Top 3 Benefits of STEM EducationSTEM and NGSS
STEM is more than a clever acronym. It is a way of thinking and presenting lessons to students that are more engaging—and relevant—to their lives.
Whether you’re familiar with STEM or it is new for you, there are benefits to gain from adding STEM to your teaching tool kit. You can scroll down for the top three benefits of STEM if you’re already familiar with the concepts.
What is STEM?
STEM is a set of curricula that prioritizes lessons around Science, Technology, Engineering, and Mathematics. The acronym is STEM.
STEM lessons are backed by research that studies how students learn best. For example, some studies suggest that students may grasp subjects best when the lessons are integrated and inquiry-based.
Historically, STEM was designed under the Obama Administration to inspire the current and next generation of innovators. Careers rooted in STEM-based education include computing, traditional engineering, physical sciences, life sciences, and mathematics.
STEM vs. STEAM
STEAM is the same STEM curricula with the addition of Art. Which brings us to the lovely acronym, STEAM.
The addition of the arts to STEM curriculum is growing. A lot of STEM lessons already incorporate art—the leap from STEM to STEAM is not unrealistic. Art can fortify the same concepts that are integral to STEM.
You can read more about the “STEM vs. STEAM” dialogue here.
Top 3 Benefits of STEM
There are a lot of ways that STEM-based learning can enhance learning experiences. Here are the top three, according to recent studies.
1. Blending Subjects is More Interesting for Students
Not every student loves math the way they love science. And not every student loves science the way they love art. With STEM and STEAM curriculum, there is more likely to be something for everyone.
Conversations from this curriculum focus on the need for combining fields and subjects—as well as hearing the voices of more students in the classroom.
In this way, STEM-learning encourages collaboration. Class subjects are not presented as independent and isolated boxes. Over the course of many lessons, educators can present the interrelatedness of these subjects.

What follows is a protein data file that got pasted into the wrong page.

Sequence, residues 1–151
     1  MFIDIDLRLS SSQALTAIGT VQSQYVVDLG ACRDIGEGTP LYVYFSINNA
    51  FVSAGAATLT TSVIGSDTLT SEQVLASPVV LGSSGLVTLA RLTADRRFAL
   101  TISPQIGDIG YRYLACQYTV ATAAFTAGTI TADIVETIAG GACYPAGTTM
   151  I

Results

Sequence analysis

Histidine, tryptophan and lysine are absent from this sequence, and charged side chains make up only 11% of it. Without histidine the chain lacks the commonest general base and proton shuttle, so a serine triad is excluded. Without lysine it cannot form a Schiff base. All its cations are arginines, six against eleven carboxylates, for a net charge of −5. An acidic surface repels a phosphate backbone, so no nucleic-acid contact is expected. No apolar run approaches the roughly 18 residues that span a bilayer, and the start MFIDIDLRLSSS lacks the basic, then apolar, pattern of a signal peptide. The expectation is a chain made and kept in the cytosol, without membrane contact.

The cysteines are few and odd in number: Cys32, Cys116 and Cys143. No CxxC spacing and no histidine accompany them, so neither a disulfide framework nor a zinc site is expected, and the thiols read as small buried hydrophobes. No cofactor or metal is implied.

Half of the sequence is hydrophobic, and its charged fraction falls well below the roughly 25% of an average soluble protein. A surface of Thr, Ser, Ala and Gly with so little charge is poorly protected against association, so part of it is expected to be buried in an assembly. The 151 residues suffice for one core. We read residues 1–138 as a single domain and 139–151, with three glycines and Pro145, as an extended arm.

This kind of learning encourages all types of learners to participate.
2. STEM Education is Solution-Focused
Many students are overwhelmed. In the news and in school, there is no lack of social and environmental issues—students are aware of “big issues” of our time.
Luckily, solution-driven thinking is a core part of STEM. More specifically, students are more likely to partake in lessons that present solutions and investigate real “societal” issues. What is the greenest way to build that new overpass? What is the best way to add wildlife corridors to the architectural revamp of a downtown? Should we keep this dam or remove it?
Here’s a link to STEM projects for students that uses solution-focused learning.
3. STEM Promotes Curiosity and Inquiry
In a world with distraction, nature-deficit disorder, and abundant screen time, STEM encourages curiosity. With the inquiry-based approach in STEM, students are not fed answers—they are fed questions.
Questions beget questions. Questions foster curiosity and student-led inquiry.
This type of inquiry means that students get to communicate their ideas with each other, as well as with the primary educator. This is great for fostering a classroom culture of collaboration with lively discussions.
Here are some of our top-selling STEM kits, with activities for all ages.
Wrap-Up: To STEM or Not to STEM?
Imagine if every student received an education that encouraged critical thinking, collaboration, and innovation. It would be incredible.
There are valid concerns with STEM. Not every student has equitable access to a STEM-based curriculum in their school, and many schools do not have the infrastructure to incorporate STEM into their school. Another valid concern is if the arts and humanities are left out of most STEM curriculum. All of these questions deserve attention and action.
Educators, policymakers, and researchers need to explore and address these concerns. Schools that find success with STEM need to share their strategies. How were they able to implement STEM? What obstacles were presented and how were they addressed?
What is your relationship with STEM-based learning and concepts? Do you use it? What additional resources would be helpful for educators looking into STEM?
Feel free to leave us a comment below. We would love to hear from you.